GREENWICH Hospital may be running into financial difficulties with its controversial plan to redevelop Greenwich Market, a leaked email shows.
The email, obtained by greenwich.co.uk, shows that the Hospital's property consultant, Gleeds, is appealing for "grant funding" from Greenwich Council to help it complete the £29 million "regeneration."
Greenwich Hospital confirmed to us that it has also approached the Heritage Lottery Fund for help with funding the redevelopment.
Its spokesman, David McFarlane, insisted that the approaches were for funding "at the margins" and "the whole project team is working on the assumption that we can fund [the redevelopment] from our own resources."
However, Martin Sands, the Hospital's director, does say in the charity's latest annual accounts that the Hospital suffered a drop in the value of its assets of £6.5 million last year "as a result of a sharp decrease in the stock markets." Its quoted investments declined by more than 13% over the year.
Those accounts only cover the period to March 2008, since when there has been a far more dramatic collapse in the values of shares and property - likely to have taken the Hospital's losses to far greater levels.
The impact of the credit crunch appears to have been one reason why the Hospital's planning application for the Market site - originally expected in "autumn 2008," according to the annual report - has been delayed until now.
Mr McFarlane told greenwich.co.uk in autumn 2008 that the scheme was being reworked "to keep the cost base down." As a result of the reworking, the most revenue-generating aspects of the scheme have been increased - such as the "boutique" hotel, now increased in size by 73 per cent on the original proposal, from 60 to 104 rooms.
However, the latest email shows that with the crisis in commercial property showing no signs of easing, the reworking may not have been enough.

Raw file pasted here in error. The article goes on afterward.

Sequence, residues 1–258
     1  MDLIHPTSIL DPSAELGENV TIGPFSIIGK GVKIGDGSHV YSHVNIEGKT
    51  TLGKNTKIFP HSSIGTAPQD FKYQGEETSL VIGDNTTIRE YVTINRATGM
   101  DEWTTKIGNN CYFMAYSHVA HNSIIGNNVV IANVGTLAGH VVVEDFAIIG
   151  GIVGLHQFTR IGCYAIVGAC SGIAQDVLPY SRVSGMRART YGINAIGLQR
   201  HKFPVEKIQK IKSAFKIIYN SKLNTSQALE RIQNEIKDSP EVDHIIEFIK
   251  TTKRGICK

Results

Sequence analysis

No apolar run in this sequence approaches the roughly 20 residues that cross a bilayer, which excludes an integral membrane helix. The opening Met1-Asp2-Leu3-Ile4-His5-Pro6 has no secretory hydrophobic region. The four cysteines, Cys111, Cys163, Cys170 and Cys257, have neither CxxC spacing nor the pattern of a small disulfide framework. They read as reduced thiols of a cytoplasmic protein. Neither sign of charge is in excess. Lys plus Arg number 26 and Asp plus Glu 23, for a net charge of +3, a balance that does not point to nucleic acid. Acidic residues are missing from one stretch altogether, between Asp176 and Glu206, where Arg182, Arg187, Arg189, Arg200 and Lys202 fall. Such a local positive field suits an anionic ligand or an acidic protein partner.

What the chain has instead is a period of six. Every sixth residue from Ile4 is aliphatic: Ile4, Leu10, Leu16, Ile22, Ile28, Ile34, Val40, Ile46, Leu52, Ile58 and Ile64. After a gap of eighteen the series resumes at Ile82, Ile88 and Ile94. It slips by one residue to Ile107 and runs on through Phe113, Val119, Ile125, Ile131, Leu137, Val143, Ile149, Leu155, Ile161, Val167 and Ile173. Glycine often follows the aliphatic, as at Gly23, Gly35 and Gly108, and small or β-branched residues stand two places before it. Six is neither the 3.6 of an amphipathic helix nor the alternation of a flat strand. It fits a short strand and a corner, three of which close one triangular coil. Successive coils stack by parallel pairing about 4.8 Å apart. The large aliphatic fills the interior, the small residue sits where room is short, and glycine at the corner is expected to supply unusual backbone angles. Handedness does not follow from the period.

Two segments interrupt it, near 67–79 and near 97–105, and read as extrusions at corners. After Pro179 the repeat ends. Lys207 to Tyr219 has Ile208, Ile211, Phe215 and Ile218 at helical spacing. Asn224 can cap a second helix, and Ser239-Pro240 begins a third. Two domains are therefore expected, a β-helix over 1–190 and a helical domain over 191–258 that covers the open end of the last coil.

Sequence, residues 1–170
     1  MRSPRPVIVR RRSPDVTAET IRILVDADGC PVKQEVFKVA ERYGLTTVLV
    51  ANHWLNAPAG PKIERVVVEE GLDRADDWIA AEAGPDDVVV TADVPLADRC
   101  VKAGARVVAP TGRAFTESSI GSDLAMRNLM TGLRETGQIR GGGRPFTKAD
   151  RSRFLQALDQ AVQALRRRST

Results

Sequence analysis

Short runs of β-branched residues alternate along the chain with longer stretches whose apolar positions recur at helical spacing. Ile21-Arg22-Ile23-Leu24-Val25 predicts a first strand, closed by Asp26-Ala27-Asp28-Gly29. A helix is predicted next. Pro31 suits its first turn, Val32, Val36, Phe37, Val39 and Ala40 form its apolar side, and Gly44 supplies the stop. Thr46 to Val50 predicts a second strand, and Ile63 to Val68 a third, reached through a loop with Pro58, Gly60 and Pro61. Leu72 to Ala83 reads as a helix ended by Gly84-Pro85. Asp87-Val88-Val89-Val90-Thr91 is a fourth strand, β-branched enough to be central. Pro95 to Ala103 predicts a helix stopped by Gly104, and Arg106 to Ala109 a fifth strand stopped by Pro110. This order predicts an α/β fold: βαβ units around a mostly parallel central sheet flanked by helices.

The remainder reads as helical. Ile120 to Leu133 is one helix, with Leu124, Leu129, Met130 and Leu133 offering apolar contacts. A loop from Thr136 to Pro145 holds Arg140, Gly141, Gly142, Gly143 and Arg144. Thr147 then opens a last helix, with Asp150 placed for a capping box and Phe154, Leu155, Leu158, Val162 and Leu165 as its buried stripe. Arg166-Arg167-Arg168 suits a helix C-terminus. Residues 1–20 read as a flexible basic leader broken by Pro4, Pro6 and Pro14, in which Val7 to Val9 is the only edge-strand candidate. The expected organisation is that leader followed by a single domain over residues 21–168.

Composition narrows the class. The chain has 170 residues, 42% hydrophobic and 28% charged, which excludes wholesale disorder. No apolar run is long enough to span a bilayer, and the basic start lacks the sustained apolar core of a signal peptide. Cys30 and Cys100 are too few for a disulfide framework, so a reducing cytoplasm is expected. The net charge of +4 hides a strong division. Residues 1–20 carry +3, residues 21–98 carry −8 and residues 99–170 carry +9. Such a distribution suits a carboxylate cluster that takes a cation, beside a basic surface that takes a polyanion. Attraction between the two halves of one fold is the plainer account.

The email was written on Monday this week by Tonderayi Matopodzi at Gleeds, the property consultants used by the Hospital, and is to Mervyn Fernandes, an officer at Greenwich Council.
It says: "We are currently exploring whether any potential grant funding may be available through Greenwich Council for our client, Greenwich Hospital, who are propos[ing the] Greenwich Market regeneration.
"The project will have a strong impact on inclusion and cohesion, sustainability and prosperity..[it will] enhance Greenwich's attractiveness as a world heritage site, conserve and enhance the historic environment [and] keep many of the familiar and much-loved features of the Greenwich island site." No specific amount was demanded in the email.
At the time of writing, Greenwich Council have not told me what their response to it was - I'll update this post when I hear from them. There would clearly be an outcry if Greenwich Council actually agreed to pay public money towards the destruction of historic Greenwich.
I, for one, would strongly dispute that the redevelopment will enhance the world heritage site or "conserve the historic environment." The application to the Heritage Lottery Fund is pretty cheeky for a proposal that will clearly destroy part of Greenwich's heritage. And it also seems deeply questionable to appeal for money from the same body, Greenwich Council, which is supposed to be determining your planning application.
Does the demand for funds mean that in planning terms the scheme is already a done deal? Had the council had effectively given Greenwich Hospital the nod, I asked McFarlane? He insisted not: "We have had a lot of discussions with the council, we hope we'll get a recommendation for approval, but we've had no tip-offs," he said.
Richard Fleming, UK head of restructuring at the accountants KPMG, said last week that commercial property failures so far were just the "tip of the iceberg... we predict a wave of fallouts in the commercial property market as the true value of losses becomes apparent."
With retailers everywhere cutting back, with vacancy levels increasing exponentially and with that kind of warning out there, it does indeed seem a very risky time to start building a new shopping centre.
Media, local and political opposition to the redevelopment continues to build. The current issue of Private Eye carries a critical piece. In my own newspaper, the Standard, the leader of the opposition on Greenwich Council, Spencer Drury, calls the scheme "aesthetic vandalism" which is "out of keeping" with the World Heritage site.
In the end, however, the forces of the financial markets may prove to be the most powerful ally of our market. Here's hoping.